a range of functions for multiple clients?
п‚· Will we have access to the owner or principal, and if so, on what basis?
п‚· What are the strengths of your AMC, and what kinds of clients do you serve most successfully?
п‚· Have there been any recent changes in ownership or leadership? Are there any plans for
merger, consolidation, or buyout, and if so, what succession plan is in place for a smooth
п‚· Is there a conference room or other space at your office for board or committee meetings for
your clients? Where do your clients customarily meet?
п‚· Do you have capacity for a resource library to keep current with our unique issues, membership
concerns, professional standards, and trade journals? How will our documents be archived?
п‚· Do you have a firm resume? What measures do you take to train your employees? What does
staff do to keep current professionally? What professional organizations do they belong to and
take leadership positions in?
п‚· Do you have the ability to design and maintain a Web site for our group? Will we have our own
п‚· How do you set your fees? Retainer? Time/hourly based? By project?
п‚· How will our financial assets be managed?
п‚· What about contract terms, evaluation, renewal, and cancellation?
п‚· Who do you expect to act as the official spokesperson for our organization? How will public
relations issues be handled?
п‚· How will our organizational image be projected under your firm's umbrella? Will we have a sign
on the door, a dedicated phone line, membership access to our account representatives? Could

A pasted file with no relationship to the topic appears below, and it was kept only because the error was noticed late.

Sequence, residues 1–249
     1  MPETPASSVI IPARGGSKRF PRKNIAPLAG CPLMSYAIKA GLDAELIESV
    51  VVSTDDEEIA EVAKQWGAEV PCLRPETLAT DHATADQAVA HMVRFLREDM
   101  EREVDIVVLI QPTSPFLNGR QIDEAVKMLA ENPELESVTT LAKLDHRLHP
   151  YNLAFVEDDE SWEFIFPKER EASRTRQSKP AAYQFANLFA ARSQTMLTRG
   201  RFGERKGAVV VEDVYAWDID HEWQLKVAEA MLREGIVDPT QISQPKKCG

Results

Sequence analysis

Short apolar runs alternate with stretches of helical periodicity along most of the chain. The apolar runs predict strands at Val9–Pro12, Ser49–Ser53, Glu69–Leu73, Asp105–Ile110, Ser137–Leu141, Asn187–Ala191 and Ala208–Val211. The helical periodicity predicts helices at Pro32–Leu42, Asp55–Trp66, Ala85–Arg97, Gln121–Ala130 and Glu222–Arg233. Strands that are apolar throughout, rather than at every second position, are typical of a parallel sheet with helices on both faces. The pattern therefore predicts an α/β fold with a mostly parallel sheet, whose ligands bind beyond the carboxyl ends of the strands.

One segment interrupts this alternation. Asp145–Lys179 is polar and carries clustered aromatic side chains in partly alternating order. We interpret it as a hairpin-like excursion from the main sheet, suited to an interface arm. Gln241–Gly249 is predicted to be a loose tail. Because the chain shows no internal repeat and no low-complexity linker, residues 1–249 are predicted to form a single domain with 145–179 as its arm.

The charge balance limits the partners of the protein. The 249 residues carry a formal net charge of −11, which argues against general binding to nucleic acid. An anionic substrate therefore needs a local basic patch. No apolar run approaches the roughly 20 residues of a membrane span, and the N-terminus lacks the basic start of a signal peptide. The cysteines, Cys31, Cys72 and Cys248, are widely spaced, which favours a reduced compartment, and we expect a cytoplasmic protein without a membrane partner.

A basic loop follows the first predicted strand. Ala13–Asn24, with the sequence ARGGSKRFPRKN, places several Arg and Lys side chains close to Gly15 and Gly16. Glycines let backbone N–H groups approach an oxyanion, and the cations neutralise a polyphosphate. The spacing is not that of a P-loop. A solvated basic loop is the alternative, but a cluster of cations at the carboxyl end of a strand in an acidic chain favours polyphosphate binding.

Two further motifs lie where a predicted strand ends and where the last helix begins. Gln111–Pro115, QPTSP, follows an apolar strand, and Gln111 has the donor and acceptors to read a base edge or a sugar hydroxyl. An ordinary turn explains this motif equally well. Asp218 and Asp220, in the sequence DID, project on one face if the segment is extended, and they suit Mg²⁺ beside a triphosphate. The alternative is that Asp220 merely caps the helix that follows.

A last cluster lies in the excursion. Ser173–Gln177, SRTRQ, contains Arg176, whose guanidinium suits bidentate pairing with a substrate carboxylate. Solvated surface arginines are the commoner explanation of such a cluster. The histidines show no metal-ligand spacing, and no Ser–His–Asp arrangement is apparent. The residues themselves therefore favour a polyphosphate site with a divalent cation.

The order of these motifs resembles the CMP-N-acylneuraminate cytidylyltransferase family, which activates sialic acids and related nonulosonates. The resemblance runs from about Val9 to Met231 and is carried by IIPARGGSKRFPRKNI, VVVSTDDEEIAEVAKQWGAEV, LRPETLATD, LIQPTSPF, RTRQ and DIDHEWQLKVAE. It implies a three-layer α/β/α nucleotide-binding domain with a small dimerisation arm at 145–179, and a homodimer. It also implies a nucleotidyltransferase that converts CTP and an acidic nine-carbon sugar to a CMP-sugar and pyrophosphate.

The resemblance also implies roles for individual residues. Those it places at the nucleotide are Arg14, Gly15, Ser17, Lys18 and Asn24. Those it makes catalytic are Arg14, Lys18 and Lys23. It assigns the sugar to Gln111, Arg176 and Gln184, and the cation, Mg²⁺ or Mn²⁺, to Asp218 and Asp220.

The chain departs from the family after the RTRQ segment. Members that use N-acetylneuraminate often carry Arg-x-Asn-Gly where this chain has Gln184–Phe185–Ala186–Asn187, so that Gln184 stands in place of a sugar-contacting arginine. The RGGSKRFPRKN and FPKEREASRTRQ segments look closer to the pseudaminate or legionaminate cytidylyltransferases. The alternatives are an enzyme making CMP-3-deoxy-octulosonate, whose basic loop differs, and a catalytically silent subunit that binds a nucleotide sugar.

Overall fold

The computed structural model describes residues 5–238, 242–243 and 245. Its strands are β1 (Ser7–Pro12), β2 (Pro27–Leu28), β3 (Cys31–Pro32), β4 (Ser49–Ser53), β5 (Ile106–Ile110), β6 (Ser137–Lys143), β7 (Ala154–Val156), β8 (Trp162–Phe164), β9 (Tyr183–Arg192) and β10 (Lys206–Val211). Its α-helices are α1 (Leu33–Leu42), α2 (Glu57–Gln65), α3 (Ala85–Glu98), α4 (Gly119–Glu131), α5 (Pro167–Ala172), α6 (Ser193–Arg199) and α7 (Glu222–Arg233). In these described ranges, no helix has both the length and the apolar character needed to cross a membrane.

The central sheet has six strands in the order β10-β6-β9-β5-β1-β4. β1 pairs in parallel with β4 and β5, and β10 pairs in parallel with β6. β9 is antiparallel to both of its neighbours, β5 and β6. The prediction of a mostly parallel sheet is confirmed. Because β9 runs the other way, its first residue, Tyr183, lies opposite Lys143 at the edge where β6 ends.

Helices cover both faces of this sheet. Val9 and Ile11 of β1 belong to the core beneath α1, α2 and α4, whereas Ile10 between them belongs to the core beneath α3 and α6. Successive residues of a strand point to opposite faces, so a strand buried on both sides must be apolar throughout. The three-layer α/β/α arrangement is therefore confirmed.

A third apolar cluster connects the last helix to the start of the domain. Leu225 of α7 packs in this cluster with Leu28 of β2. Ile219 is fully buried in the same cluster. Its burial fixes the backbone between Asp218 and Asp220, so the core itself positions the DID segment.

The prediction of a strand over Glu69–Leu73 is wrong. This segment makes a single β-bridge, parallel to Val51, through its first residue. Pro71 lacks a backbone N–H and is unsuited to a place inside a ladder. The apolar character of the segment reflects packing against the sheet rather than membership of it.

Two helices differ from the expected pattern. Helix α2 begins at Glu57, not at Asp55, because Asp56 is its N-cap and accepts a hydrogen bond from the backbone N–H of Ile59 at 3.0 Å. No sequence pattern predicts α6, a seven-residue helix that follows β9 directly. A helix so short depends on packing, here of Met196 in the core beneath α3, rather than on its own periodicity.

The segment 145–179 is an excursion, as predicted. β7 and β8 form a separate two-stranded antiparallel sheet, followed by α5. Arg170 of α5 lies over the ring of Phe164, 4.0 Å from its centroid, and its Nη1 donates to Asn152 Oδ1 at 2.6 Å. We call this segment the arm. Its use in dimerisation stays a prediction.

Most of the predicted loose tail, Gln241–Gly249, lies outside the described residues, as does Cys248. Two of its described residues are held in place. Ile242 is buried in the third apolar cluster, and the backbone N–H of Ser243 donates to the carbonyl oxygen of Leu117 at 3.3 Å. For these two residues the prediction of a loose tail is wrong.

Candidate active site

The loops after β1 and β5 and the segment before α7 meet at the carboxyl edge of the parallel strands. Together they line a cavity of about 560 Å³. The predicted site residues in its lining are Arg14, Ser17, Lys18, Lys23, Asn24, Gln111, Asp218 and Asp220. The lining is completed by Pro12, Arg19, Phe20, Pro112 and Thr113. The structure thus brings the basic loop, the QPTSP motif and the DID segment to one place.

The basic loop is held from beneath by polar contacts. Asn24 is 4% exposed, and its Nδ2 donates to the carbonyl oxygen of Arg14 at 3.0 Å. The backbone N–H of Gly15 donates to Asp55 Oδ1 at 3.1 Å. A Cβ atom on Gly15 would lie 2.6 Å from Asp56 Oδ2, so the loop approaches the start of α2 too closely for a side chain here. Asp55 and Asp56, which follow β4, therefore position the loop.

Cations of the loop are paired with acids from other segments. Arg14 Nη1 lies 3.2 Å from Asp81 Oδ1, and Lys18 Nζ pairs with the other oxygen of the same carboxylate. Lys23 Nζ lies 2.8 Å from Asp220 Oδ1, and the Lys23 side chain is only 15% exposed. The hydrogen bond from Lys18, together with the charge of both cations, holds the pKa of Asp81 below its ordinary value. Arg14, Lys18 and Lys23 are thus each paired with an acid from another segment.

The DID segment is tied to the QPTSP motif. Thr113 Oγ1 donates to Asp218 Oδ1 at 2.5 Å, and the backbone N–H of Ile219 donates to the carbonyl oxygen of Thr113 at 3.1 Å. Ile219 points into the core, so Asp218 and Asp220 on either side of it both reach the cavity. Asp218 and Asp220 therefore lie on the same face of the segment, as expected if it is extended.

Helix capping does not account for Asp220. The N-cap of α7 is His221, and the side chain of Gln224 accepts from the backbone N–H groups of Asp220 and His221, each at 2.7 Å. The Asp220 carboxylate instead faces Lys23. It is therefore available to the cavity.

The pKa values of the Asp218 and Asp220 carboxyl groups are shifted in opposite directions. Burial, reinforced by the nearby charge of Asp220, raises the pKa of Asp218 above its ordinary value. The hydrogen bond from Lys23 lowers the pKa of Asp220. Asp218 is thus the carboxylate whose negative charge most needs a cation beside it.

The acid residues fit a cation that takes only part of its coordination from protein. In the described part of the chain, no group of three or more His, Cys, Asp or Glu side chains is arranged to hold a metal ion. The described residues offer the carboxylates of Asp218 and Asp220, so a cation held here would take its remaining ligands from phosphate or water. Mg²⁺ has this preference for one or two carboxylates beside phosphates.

historical or symbolic items be displayed?
п‚· What is the cost benefit to us for using your firm instead of managing our own organization?
Synergos, AMC | Resources | How to Interview an AMC | page 2 of 3
This resource was developed through the volunteer efforts of the following American Society of Association Executives Association Management
Company Section members:
Principal Editor
Joanne J. Cole, CAE, CMP, Managing Member; Professional Management Associates, L.L.C.
Roger L. Duerksen, CEO; Association Resources Center
Mark T. Engle, Principal; Association Management Center
G. A. Taylor Fernley, President and CEO; Fernley and Fernley, Inc.
Philip Lesser, Ph.D., CAE, Vice President; Bostrom Corporation
Gina Ryan, CAE, Principal; CEO Partners/Creative Executive Options
Carol T. Shaner, CAE; Franklin/Thomas Association Management, Inc.
Beth W. Palys, CAE; Management Solutions Plus, Inc.
Synergos, AMC | Resources | How to Interview an AMC | page 3 of 3
Без категории
Размер файла
340 Кб
Пожаловаться на содержимое документа